Avoiding a shrink-wrapped world

I was thinking this week of the last time I did something daring. I mean, really daring and challenging…something that made me uncomfortable.

When I lost my sight in 2012 one of my initial reactions was a bloody-minded outburst of, ‘if this is taking something away from me, it is giving me something back!’ It was on that tidal wave of defiance that in 2013 I booked myself onto an adult swimming course. I have always swum, but after a minor sailing incident in my teens I was left panic-stricken at the prospect of even dipping a toe into open water. I became adept at getting out of any water-based activities, even splashing in shallow coves was diverted with  pleas of ‘contact lenses’, or ‘it’s too cold’. I never said it out loud, but the truth was I was terrified. It was only when my young son pleaded with me to play with him in the pool one summer, that I thought it was time to sort this out.

My first swimming lesson saw me sobbing uncontrollably into the water, horrified at the emotional outpouring I was inflicting upon my teacher. Calmly explaining that I was clearly phobic, she started by just splashing water onto my face (which was only just bearable). Week two saw me dipping one side of my face into the water. Then, by week three I managed to dip my whole face in the pool without screaming blue murder. It doesn’t sound much, but was a monumental moment. Once I could hold my face down in the water and override the panic swarming inside my mind, I knew the rest would come. And, it did. After eight weeks I was focused on technique, and trying out different breathing practises. I could already swim, so all I had done was learn how to do front crawl, but in truth I had learnt to overcome a fear that had trailed behind me for most of my adult life.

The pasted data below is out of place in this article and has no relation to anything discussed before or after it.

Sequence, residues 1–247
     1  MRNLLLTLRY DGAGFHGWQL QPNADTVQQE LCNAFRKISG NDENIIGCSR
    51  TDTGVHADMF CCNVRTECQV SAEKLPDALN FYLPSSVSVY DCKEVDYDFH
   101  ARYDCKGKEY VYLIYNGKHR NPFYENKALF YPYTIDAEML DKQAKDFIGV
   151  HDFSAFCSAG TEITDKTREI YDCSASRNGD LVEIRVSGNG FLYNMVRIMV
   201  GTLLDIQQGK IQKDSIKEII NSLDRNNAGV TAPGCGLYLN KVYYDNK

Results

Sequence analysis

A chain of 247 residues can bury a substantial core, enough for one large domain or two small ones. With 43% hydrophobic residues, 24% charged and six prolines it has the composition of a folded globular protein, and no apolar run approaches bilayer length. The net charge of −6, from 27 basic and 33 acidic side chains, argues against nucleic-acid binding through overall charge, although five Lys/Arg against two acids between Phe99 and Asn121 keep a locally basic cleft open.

Four years on, I find myself looking inwards again, and asking myself what other small, but penetrating fears are holding me back? It’s easy to become institutionalised by your own life – your own routines. Even the choices we have made for our children seem terrifyingly safe and – well – small. That is the word I fear the most. I fear I will let the invisible disability that I quietly live with reduce my world. I’m constantly on the lookout for signs it might be reframing my expectations, and somehow shrink-wrapping my mind. I need to identify if I’ve made decisions based upon what I can or cannot see, rather than what I can or cannot do. I don’t want to forget how to be brave.

I don’t need to learn how to do front crawl anymore – I can hold my own in the swimming pool now. But, I do need to allow my other less dominant senses to come to the fore and be heard. I often explain to others that I use the vision I have in the most optimal way, but perhaps I need to do exactly the opposite. It’s all too easy to rely upon and indeed, focus too much on vision. We absorb so much of the world through different channels, and I know this perhaps better than most. I realise now, my fear isn’t so much about what I am doing, it’s what I might be missing…Perhaps it’s time to come to my senses in the truest meaning – and allow myself to see the world in different ways.

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Patienth69

This is the real story of Patient h69. A gripping but compelling real-time account of one patient’s experience of suddenly going blind. There are personal accounts of going blind, but few if any, have reported the other side of the story – the rebirth of sight, and as a result, the impact of that on modern neuroscience.

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